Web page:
FIG. 7 is a front view of the leg supporting device for use behind the headrest-equipped seat shown in FIG. 1 having pens, water bottle and computer in the pockets.

FIG. 8 is a side view of the leg supporting device for use behind the headrest-equipped seat having a vibrator built in.

FIG. 9 is a side-view diagram of a leg supporting device for use behind a head rest equipped seat according to an embodiment of the invention.

DETAILED DESCRIPTION OF THE INVENTION

In the following detailed description of the invention, reference is made to the drawings in which reference numerals refer to like elements, and which are intended to show by way of illustration specific embodiments in which the invention may be practiced. It is understood that other embodiments may be utilized and that structural changes may be made without departing from the scope and spirit of the invention.

As shown in the drawings for purposes of illustration, the present invention relates to a leg supporting device for use behind a headrest equipped seat comprising a leg suspension support bag to be floating from the front seat headrest to suspend and swing leg from the floor to allow free movement of the legs to exercise for preventing foot, ankle, leg swelling, and venous blood clotting common in air travel and long surface vehicular travel of the back seat passenger. Such long static stationary travel result in pooling of the venous blood in the leg veins can lead to DVT and PE with associated morbidity and mortality.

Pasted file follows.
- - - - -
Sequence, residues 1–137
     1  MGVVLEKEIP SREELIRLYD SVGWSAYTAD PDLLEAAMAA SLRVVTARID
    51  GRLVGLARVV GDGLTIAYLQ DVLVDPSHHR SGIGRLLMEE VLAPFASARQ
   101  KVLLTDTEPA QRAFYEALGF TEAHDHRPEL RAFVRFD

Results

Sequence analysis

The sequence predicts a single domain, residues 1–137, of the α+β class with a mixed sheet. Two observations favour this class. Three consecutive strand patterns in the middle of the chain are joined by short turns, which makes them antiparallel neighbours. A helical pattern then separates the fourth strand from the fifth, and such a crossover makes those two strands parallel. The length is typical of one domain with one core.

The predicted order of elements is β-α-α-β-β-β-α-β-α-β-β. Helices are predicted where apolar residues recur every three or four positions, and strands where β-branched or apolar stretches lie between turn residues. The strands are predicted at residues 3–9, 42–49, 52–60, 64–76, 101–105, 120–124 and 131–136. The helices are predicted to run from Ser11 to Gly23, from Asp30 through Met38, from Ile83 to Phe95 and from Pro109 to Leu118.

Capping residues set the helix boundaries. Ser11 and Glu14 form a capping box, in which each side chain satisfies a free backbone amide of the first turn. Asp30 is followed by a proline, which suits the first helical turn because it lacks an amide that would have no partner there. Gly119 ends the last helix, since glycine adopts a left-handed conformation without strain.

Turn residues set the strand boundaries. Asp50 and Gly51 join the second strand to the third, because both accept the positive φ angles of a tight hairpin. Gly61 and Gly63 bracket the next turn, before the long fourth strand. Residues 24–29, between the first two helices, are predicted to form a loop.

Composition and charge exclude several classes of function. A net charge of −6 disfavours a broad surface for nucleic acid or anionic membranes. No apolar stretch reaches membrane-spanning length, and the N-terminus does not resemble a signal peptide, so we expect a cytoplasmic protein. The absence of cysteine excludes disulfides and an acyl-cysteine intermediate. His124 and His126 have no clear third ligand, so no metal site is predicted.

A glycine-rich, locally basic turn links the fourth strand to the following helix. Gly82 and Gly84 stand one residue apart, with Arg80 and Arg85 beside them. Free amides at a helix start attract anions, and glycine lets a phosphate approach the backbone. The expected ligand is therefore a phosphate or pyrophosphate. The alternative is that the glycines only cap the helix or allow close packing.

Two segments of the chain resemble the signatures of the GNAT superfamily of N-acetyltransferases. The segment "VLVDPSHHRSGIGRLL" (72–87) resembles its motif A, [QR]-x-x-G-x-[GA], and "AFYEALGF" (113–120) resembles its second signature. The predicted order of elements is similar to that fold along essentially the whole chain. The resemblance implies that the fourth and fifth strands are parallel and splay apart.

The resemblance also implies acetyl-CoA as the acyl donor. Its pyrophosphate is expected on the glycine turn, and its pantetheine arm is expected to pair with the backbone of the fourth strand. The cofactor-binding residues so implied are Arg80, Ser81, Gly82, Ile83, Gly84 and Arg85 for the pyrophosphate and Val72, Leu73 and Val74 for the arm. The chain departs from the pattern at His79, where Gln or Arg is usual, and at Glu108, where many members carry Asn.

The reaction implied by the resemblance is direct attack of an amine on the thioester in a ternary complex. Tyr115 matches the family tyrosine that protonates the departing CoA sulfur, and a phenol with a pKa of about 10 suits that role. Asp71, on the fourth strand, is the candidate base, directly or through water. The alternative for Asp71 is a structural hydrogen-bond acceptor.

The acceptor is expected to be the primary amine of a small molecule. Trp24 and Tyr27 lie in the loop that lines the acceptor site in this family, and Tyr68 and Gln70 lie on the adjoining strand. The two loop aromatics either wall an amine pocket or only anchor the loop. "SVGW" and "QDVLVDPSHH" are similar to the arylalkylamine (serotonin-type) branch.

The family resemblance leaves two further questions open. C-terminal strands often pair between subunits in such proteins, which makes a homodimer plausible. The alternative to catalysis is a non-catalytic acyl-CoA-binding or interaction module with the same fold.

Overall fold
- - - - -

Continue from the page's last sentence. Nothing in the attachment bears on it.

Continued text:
Referring now to FIG. 1, a leg supporting device for use behind a head rest equipped seat 100 has a head rest support portion 110 which fits over a head rest 135 of a front seat 132 to be used during travel. A back flap portion 140 is attached to head rest support portion 110 and a pair of adjustment straps 115 connect a foot support portion 120. Foot support portion has a pair of handles 145 used to carry leg supporting device 100 when not in use. A user 125 positions their leg or legs inside foot supporting portion 120 before or after adjusting adjustment straps 115 to select a desired position and height above the floor while sitting in a rear seat 130. In use, the height and position may be changed as desired by moving adjustment straps 115.